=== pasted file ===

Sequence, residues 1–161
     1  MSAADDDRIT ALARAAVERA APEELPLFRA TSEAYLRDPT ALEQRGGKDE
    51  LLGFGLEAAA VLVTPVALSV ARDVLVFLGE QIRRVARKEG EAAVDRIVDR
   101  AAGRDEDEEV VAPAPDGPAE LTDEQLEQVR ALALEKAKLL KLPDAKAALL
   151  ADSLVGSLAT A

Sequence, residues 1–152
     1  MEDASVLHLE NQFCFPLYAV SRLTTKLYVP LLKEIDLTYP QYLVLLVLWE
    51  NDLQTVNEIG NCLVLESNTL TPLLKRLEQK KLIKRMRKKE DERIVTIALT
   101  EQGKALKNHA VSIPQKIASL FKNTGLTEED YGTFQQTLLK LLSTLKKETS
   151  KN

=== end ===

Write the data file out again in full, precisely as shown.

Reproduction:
Sequence, residues 1–161
     1  MSAADDDRIT ALARAAVERA APEELPLFRA TSEAYLRDPT ALEQRGGKDE
    51  LLGFGLEAAA VLVTPVALSV ARDVLVFLGE QIRRVARKEG EAAVDRIVDR
   101  AAGRDEDEEV VAPAPDGPAE LTDEQLEQVR ALALEKAKLL KLPDAKAALL
   151  ADSLVGSLAT A

Sequence, residues 1–152
     1  MEDASVLHLE NQFCFPLYAV SRLTTKLYVP LLKEIDLTYP QYLVLLVLWE
    51  NDLQTVNEIG NCLVLESNTL TPLLKRLEQK KLIKRMRKKE DERIVTIALT
   101  EQGKALKNHA VSIPQKIASL FKNTGLTEED YGTFQQTLLK LLSTLKKETS
   151  KN